BD Gym Chalk Bag
To round out the climbing-specific gear, we need a chalk bag. They’re just small pouches that hang off the back of your harness or on a waist strap of their own to hold your chalk.
Slick, sweaty hands are tough to climb with. The integrated, refillable chalk ball in the Black Diamond Gym Chalk Bag lets you buy cheaper loose chalk but keeps it contained in a neat and tidy ball. There’s also a slot for certification cards you might need at the gym and a holder for brushes if you’re cleaning holds. The Gym chalk bag can clip directly to Black Diamond harnesses or comes with its own waist belt.
Mammut Seon Transporter Bag
All this gear needs isn’t going anywhere without a good way to transport it. The folks at Mammut have spent a lot of time working at the office all day and then heading to the gym for a lunch or evening climbing session. The Seon Transporter backpack has two compartments that fold open completely, one for business, one for play.
The business compartment against the back has pockets for a laptop, a tablet, documents, and all the digital accessories. The main pouch on the front is much larger to store climbing clothes, a harness, and a belay device. A separate zippered pouch fits climbing shoes perfectly. Small vents on either side of the climbing shoe compartment let fresh air through so you’re not greeted with a bad dose of “eau de climbing shoe” on your next gym visit.
Outdoor Research Pale Ale Short-Sleeve Shirt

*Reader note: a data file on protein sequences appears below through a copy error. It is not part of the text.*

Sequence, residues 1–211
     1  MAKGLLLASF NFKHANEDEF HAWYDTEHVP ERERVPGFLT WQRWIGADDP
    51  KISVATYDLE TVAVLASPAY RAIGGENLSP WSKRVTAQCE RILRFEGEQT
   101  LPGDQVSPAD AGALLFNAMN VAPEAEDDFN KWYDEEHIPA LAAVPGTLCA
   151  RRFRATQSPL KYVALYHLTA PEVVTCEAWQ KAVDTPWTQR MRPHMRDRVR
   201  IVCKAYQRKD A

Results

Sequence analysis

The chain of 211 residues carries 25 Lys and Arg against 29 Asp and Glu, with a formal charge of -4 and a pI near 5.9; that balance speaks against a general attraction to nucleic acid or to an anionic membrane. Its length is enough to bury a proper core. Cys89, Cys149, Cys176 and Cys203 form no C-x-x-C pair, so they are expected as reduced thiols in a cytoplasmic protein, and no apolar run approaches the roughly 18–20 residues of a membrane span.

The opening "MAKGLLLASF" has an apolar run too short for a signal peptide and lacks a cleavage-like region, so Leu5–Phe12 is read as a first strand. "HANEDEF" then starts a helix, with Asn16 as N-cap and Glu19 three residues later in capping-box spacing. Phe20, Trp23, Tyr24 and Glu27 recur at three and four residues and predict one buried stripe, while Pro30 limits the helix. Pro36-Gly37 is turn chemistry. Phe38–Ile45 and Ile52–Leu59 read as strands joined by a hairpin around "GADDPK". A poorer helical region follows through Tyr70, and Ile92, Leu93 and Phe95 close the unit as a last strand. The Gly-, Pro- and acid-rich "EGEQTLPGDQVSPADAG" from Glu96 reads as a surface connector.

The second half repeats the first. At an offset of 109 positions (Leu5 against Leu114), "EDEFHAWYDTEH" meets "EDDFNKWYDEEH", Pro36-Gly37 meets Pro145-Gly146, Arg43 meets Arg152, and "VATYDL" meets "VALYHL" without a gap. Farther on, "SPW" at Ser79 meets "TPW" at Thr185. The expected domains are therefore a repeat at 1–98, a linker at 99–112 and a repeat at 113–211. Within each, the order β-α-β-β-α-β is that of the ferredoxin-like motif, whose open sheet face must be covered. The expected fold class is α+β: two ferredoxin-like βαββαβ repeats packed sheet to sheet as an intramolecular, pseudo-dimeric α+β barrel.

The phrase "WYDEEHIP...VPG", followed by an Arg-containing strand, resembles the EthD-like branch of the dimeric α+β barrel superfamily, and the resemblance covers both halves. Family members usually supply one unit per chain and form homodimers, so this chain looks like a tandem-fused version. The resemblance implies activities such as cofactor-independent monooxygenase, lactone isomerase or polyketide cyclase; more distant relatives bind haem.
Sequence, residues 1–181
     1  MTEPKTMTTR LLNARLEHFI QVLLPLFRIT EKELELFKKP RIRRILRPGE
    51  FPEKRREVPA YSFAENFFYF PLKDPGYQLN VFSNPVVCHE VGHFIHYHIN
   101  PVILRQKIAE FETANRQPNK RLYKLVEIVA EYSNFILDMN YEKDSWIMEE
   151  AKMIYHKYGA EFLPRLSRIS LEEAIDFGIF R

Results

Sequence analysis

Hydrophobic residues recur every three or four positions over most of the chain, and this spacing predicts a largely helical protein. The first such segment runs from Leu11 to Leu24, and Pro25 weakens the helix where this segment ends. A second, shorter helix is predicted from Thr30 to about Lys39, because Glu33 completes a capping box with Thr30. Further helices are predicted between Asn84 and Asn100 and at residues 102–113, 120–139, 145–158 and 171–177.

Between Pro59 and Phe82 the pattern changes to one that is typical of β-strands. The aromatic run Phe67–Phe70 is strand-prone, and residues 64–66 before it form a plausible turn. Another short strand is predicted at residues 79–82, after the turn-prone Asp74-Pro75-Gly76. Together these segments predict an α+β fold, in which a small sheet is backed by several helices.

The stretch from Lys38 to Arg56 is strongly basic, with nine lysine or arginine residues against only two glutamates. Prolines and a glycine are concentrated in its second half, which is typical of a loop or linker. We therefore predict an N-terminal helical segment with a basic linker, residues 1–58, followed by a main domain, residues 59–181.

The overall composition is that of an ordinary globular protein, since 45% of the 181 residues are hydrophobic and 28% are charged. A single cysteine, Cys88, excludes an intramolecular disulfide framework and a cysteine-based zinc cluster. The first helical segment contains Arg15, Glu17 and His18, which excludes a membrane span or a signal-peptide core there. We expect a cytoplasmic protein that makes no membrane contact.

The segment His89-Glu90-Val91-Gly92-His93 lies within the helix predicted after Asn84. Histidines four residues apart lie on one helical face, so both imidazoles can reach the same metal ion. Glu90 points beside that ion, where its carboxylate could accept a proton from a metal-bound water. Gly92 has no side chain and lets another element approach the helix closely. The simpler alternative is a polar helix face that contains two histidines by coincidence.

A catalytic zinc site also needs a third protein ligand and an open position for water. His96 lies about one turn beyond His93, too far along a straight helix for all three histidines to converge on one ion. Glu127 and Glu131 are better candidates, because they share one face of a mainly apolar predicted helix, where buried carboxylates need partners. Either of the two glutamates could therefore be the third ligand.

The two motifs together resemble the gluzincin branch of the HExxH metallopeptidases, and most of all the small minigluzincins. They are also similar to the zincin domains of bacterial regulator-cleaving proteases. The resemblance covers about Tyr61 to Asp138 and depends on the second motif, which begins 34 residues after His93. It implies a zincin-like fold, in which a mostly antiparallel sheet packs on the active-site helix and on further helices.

Climbing is hard on clothes. They have to be durable against the rock surface. They have to protect you from the sun if you’re outside. They have to breathe well when you’re climbing hard in warmer temperatures. The Pale Ale short sleeve button up shirt from Outdoor Research can do all that and even go to the pub after for a drink.
The UPF 15 sun protection in the Pale Ale’s fabric keeps you out of the sun if you decide to venture outside the gym. A hint of spandex lets the shirt move with you whether reaching for the next climbing hold or that cold beer afterward. The rest of the fabric is a combination of nylon for durability, cotton for a smooth feel, and Tencel Sun, a soft, moisture-wicking fabric made from sustainable wood fibers with a cooling effect. Now you can always be comfortable drinking and climbing (but not both, right?).
Prana Stretch Zion Pants
A good climbing pant is hard to find. They have to be stretchy, comfortable, retain their shape, and breathe well. The Prana Stretch Zion Pant is easy to wear every day because of its comfort and stretchiness.
They’re UPF 50+ for hot days outside. The bottoms are a bit baggy to easily go over boots for hiking and then roll up the bottoms and snap them in place to climb. A low-profile built-in belt stays out of the way of a climbing harness and backpack waist belts. If you need extra staying power, they do include additional belt loops. When you’re just hanging on the wall making your belayer do extra work, an extra zipper on the cargo pocket makes it easy to get your phone out from a seated position to take those “Look, Ma, I’m climbing!” selfies.